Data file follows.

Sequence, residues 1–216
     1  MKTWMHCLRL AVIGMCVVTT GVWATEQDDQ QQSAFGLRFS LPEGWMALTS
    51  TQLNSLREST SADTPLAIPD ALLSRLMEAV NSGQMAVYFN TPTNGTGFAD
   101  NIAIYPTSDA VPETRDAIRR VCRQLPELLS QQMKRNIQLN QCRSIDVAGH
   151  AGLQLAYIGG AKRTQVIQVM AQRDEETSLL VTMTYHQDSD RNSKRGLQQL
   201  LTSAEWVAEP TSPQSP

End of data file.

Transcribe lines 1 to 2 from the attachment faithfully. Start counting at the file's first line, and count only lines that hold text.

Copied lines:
Sequence, residues 1–216
     1  MKTWMHCLRL AVIGMCVVTT GVWATEQDDQ QQSAFGLRFS LPEGWMALTS